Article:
It’s getting ugly out there.
Tempers are flaring, costs are fluctuating, regulations are tightening, supplies are dwindling, demands are escalating, and information is unclear.
Is this about running a business in a tough economy?
Nah. I’m talking about school supplies.
It’s hard to find somebody who doesn’t get at least a slight buzz from buying new stuff that fosters thinking, creativity and achievement. I don’t think it’s an overstatement to say it’s one of the best parts of a new school year.
The blogosphere crackles with emotion about this annual ritual. I particularly liked the “Minding My Nest” blog that included nice photos and a recommendation to hydrate before beginning.
But the school supply ritual, in many places and in many ways, has spun out of control.
It’s hypocritical for me to write this because thanks to my wonderful spouse, our son’s supplies were prepackaged and waiting for us. But ironically, the prepackaged route also feels hypocritical because I would have HATED not being able to touch each potential item when I was a kid.
I also don’t mean this to be a critique of schools or teachers. There’s plenty of blame to go around.
For one thing, retailers have seized upon “back to school season” as a major revenue stream. What time frame defines this season? The Boston Globe said it runs article defined it as “July through September.”
A quarter of a year?
Besides that, “school supply” sales now mean nearly anything: Best Buy had a back-to-school sale a couple weeks ago on giant, flat-screen TVs.
Back-to-school spending is significant. The National Retail Federation said last year, because of “a combination of pent-up demand and a growing population of school children,” Americans went hog-wild.
The retail federation notes that this year it looks like things will cool off a bit, but American families are predicted to spend an average of $635 on apparel, shoes, supplies and electronics, down from $689 last year. Families spend about $91 on supplies for school-age children.
Back-to-school spending is expected to reach $26.7 billion, and if you add in back-to-college spending, the total comes to $72.5 billion.
That’s a lot of crayons. According to the Milwaukee Journal-Sentinel (citing National Retail Federation data), back-to-school spending accounts for 11 percent of U.S. consumer spending each year, ranking it second to the holiday spending season.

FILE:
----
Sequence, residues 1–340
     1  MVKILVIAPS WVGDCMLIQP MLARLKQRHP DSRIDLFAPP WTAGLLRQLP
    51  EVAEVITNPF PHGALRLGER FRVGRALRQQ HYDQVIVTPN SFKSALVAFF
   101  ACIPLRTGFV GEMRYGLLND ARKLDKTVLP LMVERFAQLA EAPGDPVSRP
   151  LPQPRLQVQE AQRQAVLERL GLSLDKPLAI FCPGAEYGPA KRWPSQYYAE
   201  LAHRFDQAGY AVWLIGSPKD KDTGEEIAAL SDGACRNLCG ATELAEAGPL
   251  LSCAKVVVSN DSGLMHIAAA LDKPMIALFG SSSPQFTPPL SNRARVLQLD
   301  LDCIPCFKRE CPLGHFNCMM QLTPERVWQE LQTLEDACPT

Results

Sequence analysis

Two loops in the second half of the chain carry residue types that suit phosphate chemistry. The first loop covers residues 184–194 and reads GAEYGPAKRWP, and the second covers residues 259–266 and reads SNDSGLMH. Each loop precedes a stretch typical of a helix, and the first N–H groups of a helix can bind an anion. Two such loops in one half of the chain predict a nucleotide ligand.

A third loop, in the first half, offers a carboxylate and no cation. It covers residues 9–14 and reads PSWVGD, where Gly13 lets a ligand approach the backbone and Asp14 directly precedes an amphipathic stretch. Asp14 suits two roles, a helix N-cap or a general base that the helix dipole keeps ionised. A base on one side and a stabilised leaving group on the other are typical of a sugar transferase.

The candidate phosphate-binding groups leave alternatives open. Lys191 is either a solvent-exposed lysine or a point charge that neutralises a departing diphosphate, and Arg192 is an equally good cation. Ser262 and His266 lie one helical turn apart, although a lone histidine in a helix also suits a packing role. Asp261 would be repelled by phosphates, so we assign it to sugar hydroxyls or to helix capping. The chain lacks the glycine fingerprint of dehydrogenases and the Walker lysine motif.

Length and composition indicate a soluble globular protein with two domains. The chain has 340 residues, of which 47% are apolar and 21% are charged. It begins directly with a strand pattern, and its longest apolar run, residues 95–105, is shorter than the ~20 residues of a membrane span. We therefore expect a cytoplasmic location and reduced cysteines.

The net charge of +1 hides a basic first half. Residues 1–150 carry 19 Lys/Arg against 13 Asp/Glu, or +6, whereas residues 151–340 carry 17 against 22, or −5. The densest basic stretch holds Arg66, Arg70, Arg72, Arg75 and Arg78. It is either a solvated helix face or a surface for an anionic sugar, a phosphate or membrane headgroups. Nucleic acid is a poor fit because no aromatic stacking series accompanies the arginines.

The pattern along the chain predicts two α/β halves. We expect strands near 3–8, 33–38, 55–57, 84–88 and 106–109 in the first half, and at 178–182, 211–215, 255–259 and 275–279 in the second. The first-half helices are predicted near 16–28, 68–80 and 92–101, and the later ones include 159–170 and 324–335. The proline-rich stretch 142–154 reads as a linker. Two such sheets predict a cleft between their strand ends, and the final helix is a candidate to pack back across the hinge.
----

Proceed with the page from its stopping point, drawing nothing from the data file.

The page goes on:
I love school supplies, schools and teachers. But I think we as a society might be going overboard.
The lady who cuts our son’s hair talked of going to a store to find a specific type of glue stick. A friend of ours mentioned being unable to find the exact spiral notebook specified in the list.
One of my best friends, a local mom, puts this excess best.
“I’ve been to the school supply section three times. Once, I saw a woman nearly in tears,” she told me in a Facebook message. “Twice, other parents, without provocation from me, went off on a rant about how much they hated the process. It seems like clarity on the list is an issue (too much or too little).”
My friend’s son’s list includes pencils. “They had to be Ticonderoga and pre-sharpened. He had to have four plastic pocket folders with prongs, but they could only be blue. Blue was sold out at the two big-box stores as a result. He also needed four prongless plastic folders (one each of four colors). At the same time, ‘wipes’ appeared on the list. What kind? Baby, hand, antibacterial surface, flushable?”
• Jason Akst teaches journalism and public relations at Northern Illinois University. You can reach him at firstname.lastname@example.org or follow him on Twitter (@jasonakst).